2nd Asia-Pacific Educational Integrity Conference
Educational Integrity and Online Learning
Carol Aeschliman - English Language Centre, Swinburne University of Technology
The literature of international education refers to a number of obvious misconceptions about the academic integrity of international students, including cultural stereotyping, assumptions about homogeneity in cultural groups and diversity in learning styles. Introducing international students to the western concept of academic integrity is challenging enough in the classroom where one-on-one teacher support is at least available, but it is even more difficult via the online platform. At Swinburne University of Technology’s English Language Centre online learning takes place largely in the Independent Learning Centre. As our online programs developed, so too have problems with academic integrity. Students reported that they lacked skills to achieve appropriate academic standards without compromising their “academic integrity” und therefore unintentionally “cheated.” They felt uninformed about what was expected of them, and isolated by independent learning. This presentation gives an overview of how we have approached two significant aspects of these problems with the help of new and emerging technologies: appropriate teamwork and responsibility for individual actions are encouraged by such means as self and peer evaluation tools, reflective learning journals and a WebCT Online Community; the concept of plagiarism is addressed within a variety of online academic programs and software applications.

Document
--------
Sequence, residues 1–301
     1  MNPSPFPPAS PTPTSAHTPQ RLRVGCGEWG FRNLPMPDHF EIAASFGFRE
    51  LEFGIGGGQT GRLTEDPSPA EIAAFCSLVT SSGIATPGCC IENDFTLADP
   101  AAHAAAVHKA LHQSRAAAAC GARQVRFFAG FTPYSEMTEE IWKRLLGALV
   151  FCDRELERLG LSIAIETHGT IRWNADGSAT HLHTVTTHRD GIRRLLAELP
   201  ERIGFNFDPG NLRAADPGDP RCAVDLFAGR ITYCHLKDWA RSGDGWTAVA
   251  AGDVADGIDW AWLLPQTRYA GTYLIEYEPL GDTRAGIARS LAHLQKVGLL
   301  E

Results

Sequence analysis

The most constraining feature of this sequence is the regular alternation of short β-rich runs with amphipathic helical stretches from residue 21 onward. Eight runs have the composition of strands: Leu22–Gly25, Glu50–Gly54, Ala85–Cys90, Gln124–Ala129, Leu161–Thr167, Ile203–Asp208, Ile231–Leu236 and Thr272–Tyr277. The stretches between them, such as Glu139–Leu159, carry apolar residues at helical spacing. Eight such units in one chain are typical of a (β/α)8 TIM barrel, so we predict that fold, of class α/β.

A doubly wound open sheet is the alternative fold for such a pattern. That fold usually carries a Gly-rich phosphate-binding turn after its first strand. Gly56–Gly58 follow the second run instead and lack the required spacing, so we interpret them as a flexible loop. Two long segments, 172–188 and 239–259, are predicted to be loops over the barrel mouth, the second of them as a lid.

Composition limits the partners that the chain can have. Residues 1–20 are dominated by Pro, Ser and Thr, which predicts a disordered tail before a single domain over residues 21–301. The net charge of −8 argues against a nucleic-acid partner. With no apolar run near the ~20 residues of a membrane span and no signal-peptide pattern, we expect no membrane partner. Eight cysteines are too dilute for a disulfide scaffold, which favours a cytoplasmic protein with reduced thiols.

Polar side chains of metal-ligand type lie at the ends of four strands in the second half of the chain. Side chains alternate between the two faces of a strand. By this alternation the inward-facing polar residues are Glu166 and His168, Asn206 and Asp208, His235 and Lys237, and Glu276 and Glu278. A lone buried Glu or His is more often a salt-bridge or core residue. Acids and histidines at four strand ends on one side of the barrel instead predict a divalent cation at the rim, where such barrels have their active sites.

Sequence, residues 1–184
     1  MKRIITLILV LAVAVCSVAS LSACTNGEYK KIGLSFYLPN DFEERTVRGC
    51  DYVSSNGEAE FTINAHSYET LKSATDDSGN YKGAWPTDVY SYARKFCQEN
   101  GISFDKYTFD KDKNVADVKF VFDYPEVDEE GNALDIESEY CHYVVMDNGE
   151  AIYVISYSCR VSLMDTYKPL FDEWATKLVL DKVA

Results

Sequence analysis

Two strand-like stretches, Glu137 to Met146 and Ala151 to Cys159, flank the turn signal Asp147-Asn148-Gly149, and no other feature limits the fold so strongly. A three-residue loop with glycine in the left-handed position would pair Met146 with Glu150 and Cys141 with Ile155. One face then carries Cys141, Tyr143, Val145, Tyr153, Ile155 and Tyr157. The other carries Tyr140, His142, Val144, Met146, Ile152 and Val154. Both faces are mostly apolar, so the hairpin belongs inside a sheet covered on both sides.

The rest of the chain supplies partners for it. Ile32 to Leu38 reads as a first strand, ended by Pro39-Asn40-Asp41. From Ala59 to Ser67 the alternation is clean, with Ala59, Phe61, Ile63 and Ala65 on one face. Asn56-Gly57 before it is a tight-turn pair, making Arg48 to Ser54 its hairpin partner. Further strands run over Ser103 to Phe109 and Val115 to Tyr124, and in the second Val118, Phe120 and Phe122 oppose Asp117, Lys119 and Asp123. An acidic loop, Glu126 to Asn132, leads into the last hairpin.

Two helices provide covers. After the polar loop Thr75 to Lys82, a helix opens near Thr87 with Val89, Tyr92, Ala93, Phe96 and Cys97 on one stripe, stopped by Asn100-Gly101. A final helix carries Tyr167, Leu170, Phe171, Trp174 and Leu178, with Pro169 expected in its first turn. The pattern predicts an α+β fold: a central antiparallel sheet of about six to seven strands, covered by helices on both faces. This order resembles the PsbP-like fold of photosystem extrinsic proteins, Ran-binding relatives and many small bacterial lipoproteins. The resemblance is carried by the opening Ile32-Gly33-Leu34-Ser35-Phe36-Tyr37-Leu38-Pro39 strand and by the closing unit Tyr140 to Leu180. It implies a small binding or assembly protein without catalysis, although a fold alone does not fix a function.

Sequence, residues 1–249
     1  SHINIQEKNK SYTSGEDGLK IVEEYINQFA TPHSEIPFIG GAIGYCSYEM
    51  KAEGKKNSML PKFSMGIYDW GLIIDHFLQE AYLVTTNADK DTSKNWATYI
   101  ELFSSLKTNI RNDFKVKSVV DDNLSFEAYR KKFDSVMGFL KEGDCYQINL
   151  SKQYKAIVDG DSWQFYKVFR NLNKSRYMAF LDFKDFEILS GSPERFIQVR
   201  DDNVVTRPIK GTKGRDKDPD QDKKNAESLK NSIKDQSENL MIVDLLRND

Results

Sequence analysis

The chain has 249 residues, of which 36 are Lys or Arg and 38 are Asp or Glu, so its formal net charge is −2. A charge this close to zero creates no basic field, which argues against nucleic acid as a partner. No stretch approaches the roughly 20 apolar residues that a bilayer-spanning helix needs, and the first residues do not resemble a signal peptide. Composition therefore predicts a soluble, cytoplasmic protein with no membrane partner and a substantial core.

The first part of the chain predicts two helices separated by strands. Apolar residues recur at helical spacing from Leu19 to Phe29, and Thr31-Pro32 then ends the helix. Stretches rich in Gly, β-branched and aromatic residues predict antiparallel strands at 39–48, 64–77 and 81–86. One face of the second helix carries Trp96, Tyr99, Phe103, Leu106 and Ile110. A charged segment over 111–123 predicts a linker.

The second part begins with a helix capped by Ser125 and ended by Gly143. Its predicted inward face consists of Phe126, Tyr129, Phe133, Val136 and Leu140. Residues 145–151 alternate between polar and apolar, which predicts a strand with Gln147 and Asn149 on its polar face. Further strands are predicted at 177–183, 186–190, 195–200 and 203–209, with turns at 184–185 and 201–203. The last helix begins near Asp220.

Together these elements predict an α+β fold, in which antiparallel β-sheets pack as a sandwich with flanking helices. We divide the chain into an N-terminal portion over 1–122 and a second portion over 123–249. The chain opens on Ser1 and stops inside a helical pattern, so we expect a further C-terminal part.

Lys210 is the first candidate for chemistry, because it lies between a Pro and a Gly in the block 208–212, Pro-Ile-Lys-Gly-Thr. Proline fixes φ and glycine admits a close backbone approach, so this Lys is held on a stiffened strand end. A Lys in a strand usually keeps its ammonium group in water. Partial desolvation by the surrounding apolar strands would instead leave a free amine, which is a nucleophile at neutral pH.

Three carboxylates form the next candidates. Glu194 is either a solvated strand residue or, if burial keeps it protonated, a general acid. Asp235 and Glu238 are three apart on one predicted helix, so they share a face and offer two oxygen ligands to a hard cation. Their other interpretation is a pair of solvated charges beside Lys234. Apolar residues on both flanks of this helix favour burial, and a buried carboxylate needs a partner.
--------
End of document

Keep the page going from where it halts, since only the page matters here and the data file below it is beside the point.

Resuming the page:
Keywords: academic integrity, international students, online learning